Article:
Some of the neo-conservative thinkers who played a major role in inspiring the president’s policy decisions during the first five years of the war occasionally spoke of it as “World War IV,” essentially implying that the challenge posed by Islamist forces is on par with those posed by Nazism in WWII and the Soviets during the Cold War (“WWIII”). This had the merit of adding an ideological, albeit not fully explicit, dimension to the ongoing military effort, but it also conveyed the expectation that a decisive military defeat of the enemy, as in 1945, would lead to a transformative process that would bring the lands of Islam within the scope of what came to be called the “freedom agenda.”
Yet that was not how events unfolded, and as the problems of “the day after” piled up, the new US Administration chose a markedly different approach to the very nature of the war. President Obama was quite willing to use force when necessary, as demonstrated by the daring nature of the raid that killed Bin Laden, deep inside the territory of a declared nuclear power. But he was not as willing to commit to a war against an ideological enemy. In fact, by shifting the center of gravity to the concept of “Countering Violent Extremism” (CVE) in 2014, the Obama Administration gave the struggle the distinct undertone of a social work project.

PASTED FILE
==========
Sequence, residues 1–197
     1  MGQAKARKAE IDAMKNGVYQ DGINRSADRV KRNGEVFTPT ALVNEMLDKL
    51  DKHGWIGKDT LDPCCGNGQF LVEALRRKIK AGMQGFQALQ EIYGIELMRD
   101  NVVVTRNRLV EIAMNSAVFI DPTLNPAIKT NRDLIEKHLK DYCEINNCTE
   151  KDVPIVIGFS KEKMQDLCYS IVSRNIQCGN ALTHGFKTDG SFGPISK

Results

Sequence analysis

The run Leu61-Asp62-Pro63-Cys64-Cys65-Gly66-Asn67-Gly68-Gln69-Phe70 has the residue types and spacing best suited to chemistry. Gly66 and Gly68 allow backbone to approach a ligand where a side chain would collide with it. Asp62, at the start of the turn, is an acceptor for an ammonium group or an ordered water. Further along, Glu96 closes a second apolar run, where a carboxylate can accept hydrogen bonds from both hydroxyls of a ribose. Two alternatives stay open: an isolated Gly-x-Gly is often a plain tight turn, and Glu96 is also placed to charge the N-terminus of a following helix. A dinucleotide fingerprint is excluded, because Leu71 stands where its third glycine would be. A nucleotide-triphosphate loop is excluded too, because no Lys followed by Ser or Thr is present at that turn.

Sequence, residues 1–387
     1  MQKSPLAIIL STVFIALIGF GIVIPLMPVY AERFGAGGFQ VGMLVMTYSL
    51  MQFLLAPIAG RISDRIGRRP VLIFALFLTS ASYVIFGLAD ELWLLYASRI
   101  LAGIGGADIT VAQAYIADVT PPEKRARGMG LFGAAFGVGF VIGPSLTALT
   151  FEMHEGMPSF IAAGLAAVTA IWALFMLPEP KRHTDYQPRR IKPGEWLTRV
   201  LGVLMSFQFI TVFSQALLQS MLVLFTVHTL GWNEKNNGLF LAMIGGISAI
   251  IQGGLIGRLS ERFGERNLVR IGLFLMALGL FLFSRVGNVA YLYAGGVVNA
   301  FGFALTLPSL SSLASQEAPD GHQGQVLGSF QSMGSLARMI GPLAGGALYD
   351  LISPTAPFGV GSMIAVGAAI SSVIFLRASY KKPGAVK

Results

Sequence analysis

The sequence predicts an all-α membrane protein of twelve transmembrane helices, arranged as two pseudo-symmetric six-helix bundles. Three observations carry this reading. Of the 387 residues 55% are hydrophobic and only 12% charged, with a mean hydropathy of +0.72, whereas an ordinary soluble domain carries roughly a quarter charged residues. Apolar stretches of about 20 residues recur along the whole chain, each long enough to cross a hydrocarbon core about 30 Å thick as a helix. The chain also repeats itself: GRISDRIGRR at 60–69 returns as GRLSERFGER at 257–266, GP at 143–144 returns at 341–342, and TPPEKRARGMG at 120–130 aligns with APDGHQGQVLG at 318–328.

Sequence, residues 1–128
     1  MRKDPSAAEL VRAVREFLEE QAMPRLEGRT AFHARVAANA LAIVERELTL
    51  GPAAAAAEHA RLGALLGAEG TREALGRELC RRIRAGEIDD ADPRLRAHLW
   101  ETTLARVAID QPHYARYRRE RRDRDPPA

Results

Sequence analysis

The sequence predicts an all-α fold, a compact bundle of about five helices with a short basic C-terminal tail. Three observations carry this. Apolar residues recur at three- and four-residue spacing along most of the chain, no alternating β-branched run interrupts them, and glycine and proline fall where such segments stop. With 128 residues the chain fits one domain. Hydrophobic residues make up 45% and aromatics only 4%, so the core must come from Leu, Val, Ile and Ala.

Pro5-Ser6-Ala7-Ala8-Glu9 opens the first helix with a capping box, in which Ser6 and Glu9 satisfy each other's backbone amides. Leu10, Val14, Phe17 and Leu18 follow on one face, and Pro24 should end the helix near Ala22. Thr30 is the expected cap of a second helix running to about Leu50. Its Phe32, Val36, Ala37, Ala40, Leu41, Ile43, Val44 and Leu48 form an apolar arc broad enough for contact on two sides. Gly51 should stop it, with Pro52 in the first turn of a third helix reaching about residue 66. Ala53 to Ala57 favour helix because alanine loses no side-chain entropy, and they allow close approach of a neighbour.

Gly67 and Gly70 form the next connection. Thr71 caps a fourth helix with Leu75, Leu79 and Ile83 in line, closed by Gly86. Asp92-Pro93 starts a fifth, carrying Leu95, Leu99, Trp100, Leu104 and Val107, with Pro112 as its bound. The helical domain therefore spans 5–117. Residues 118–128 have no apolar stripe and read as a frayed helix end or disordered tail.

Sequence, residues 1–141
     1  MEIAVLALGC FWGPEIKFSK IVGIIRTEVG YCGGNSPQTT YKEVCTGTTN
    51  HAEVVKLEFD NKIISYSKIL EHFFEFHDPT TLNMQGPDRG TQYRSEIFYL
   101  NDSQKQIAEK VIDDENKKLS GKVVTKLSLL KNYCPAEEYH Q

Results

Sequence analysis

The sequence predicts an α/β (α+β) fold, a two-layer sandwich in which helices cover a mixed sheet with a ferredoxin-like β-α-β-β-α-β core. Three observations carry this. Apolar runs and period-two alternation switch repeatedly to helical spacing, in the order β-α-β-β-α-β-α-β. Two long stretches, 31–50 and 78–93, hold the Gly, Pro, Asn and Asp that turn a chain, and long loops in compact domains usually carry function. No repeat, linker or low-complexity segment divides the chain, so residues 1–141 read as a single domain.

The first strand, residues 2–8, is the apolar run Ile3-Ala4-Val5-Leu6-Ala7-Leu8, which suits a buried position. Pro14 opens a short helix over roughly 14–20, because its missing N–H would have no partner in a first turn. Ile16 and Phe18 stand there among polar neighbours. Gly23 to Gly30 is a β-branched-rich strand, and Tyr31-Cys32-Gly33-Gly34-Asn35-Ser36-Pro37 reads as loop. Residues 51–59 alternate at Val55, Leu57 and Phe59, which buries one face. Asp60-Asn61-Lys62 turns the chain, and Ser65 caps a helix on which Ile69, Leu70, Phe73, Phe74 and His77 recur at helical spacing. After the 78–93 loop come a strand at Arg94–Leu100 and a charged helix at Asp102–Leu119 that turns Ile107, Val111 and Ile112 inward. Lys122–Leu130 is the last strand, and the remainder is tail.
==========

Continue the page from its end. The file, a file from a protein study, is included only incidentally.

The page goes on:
Following the White House Summit on CVE in February 2015, a broad range of activities – some would say an “industry” of projects and initiatives – emerged worldwide, supported by the Obama Administration and focused on minority communities in the West and vulnerable neighborhoods in moderate nations across the Arab and Muslim world. Some have left a positive mark, while others were little more than elaborate hoaxes. All had in common the notion that social reform, greater attention to the needs of the young, economic betterment and political participation, particularly among those who tend to feel alienated and abused, would sap the energies that fuel phenomena like Daesh (IS) and other radical groups. Despite poor results, “de-radicalization” efforts in prisons and schools were part of this general project. In this context, tensions were bound to arise between the socially oriented CVE activists, who seek to persuade and co-opt potential radicals, and the various security-oriented forces and agencies in the region and in the West that seek to break, repress or coerce terrorists and potential future terrorists.